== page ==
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With Two New Casting Announcements, Marvel Continues to Think Several Decades Ahead

Warner Bros and DC have their shiny new Lex Luthor, and along with him, firm control of the current superhero spotlight. Will he be bald? Will he be Zuckerberg-like? Will he be an ex-gang leader with a bajillion tattoos? This new Luthor’s the talk of the town, and Marvel doesn’t like that one bit. So naturally, they’ve fired back, announcing one official and one potential addition to their current stable of superheroes.

The official is Paul Bettany as the Vision. First, for those unaware, let’s do a quick recap on who the Vision is. He’s an android, and the surrogate son/creation of evil robot overlord Ultron. Ultron creates the Vision as a way to deal with those pesky Avengers, but the heroes manage to convince Vision that fighting evil is actually way more fun than being evil. After his change of heart he joins the Avengers permanently, eventually marrying fellow Avenger Scarlet Witch.

The Vision has been on the tip of people’s tongues for a while now. Before we knew who Vin Diesel would be playing in the Marvel Universe, Vision was one of the biggest contenders in the rumor mill. And given how close his character is to two of the major additions to Avengers: Age of UltronJames Spader‘s Ultron and Elizabeth Olsen‘s Scarlet Witch- it seemed like the Vision would have to join up at some point. That he’s finally on board isn’t the biggest surprise.

What’s surprising is the casting. Bettany’s no stranger to the Marvel Universe, as he voiced Tony Stark’s robot butler J.A.R.V.I.S. in all three Iron Man films and The Avengers. That he would be cast as Vision cannot be a coincidence- more likely, it seems Bettany’s been a part of Joss Whedon and Kevin Feige‘s long con this whole time. That fairly inconsequential little robot voice from Iron Man, a character so small that Bettany agreed to voice the part and recorded the entire role without realizing it was a blockbuster action movie (or having any idea what he was doing in the first place), was actually the seed of a fan-favorite superhero, planned years ago.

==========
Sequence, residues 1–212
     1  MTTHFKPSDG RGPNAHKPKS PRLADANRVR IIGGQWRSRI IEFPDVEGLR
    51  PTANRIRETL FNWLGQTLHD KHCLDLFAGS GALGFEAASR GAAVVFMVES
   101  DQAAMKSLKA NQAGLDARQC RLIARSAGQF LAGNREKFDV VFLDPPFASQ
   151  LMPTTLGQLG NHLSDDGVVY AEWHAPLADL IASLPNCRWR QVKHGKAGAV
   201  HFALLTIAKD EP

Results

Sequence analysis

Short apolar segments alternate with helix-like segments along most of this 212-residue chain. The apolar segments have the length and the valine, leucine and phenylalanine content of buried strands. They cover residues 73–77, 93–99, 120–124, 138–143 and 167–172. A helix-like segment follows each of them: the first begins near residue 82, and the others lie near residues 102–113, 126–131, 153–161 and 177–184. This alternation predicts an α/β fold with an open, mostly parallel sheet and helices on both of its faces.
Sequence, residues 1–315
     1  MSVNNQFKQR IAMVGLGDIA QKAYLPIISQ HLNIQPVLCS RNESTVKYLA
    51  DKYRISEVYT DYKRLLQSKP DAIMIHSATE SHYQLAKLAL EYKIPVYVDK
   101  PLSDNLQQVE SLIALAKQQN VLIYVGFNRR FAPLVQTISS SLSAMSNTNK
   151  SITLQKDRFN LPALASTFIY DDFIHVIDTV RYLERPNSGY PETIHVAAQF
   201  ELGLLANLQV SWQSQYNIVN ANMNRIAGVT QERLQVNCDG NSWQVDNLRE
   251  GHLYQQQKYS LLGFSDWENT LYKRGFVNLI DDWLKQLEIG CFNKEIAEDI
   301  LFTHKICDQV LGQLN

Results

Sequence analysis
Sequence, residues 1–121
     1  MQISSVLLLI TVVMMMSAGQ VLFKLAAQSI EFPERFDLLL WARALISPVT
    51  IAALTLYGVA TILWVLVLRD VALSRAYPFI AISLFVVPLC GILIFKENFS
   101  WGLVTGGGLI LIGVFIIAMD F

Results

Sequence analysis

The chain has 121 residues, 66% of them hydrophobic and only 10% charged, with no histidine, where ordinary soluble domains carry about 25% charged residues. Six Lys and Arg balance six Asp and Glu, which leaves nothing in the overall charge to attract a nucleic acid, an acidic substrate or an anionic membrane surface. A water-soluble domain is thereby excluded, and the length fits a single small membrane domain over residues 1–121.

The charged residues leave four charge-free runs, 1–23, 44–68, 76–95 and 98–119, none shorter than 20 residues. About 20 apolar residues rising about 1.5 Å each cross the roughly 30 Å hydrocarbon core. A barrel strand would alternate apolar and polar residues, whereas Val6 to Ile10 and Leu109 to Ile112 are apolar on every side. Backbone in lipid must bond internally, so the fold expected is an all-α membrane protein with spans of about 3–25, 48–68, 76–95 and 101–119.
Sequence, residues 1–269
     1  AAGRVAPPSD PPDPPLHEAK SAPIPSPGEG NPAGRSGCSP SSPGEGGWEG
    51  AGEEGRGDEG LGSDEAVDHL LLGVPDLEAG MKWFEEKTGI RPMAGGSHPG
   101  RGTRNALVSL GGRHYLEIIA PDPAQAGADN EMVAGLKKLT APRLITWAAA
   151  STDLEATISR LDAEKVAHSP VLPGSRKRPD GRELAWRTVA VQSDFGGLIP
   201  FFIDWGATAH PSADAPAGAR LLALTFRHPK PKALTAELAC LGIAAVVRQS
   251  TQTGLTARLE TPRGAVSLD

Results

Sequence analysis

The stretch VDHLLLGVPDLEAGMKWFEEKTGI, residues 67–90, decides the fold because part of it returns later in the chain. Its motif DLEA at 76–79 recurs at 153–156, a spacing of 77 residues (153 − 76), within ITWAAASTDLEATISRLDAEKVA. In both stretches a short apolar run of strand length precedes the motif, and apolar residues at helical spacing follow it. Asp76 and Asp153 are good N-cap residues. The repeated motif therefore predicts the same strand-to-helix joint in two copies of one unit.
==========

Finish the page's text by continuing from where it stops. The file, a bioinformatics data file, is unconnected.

With the inclusion of the Vision, the big picture of Age of Ultron is starting to come together. It’s all but confirmed that Iron Man will be at least a little responsible for Ultron’s creation, first when last year’s Comic-Con teaser saw an Iron Man helmet transform into Ultron’s face, and then when Feige basically stated it outright:

“We are adapting [Ultron’s] origins from the comics, and in the comics it was Hank Pym. Hank Pym is not in Age of Ultron, so we are tweaking it. We do think there’s another character we have that is quite good with AI, so smart people can make assumptions which I can not confirm or deny.”

French film site Reviewer then adds that Feige started grinning at the end of that last sentence, because the part of his brain that controls subtlety had briefly caught fire.

Years ago, before we knew anything about Age of Ultron, the only thing to go on was Joss Whedon’s insistence that the sequel would be “smaller. More personal. More painful.” Now, we’ve got a formerly-depressed Iron Man, two of his creations becoming sentient, and a weird love triangle of daddy issues arising between the three of them. Small, personal, and painful.

But Vision’s only one half of this chunk of Marvel news. The other is Evangeline Lilly, who’s begun early talks for the female lead of Edgar Wright’s Ant-Man. There’s less to go on here- Lilly hasn’t officially been cast, and we don’t even know what character she’ll be playing, although Variety hints that she’ll be daughter to the elder Michael Douglas Ant-Man and love interest to the modern-day Paul Rudd Ant-Man. But given that Ant-Man’s love interest for the better part of a century was the superhero known as Wasp, and that Wasp was Marvel’s backup plan if Scarlett Johansson’s Black Widow couldn’t appear in The Avengers, that’s where the smart money goes. Plus, The Hollywood Reporter‘s already saying that Lilly’s potential role, whatever it may be, is intended for more than one film. Were she just some plain ol’ love interest, like Natalie Portman’s Jane Foster in the Thor series (a character who’s never appeared outside a Thor flick), multiple appearances don’t seem likely. Especially once you realize that there aren’t plans for any Ant-Man sequels yet.

There’s a reason that every superhero franchise out there is scrambling to follow Marvel’s lead. They’re unbeatable when it comes to planning this stuff out in advance, and these two pieces of news are just more proof that the success of The Avengers had nothing to do with luck and everything to do with a bunch of comic book nerds drafting a decade’s worth of intricate box office battle strategy. And as an extra little bonus, it’s also proof of Marvel’s willingness to embrace the weirder (and dare I say it, stupider) side of comics. WB stripped Superman of his bright colors, his positive attitude and his outside underpants; Fox turned the Sentinels into generic Macbook robots and T-1000s. Marvel, on the other hand, just cast their evil android who decides to become a good android and then marries a magic witch. Kudos to them.

Adam Bellotto is a freelancer writer from Virginia who moved to California because movies are super neat. His work can also be read at Perihelion Science Fiction and Starpulse, among other places.

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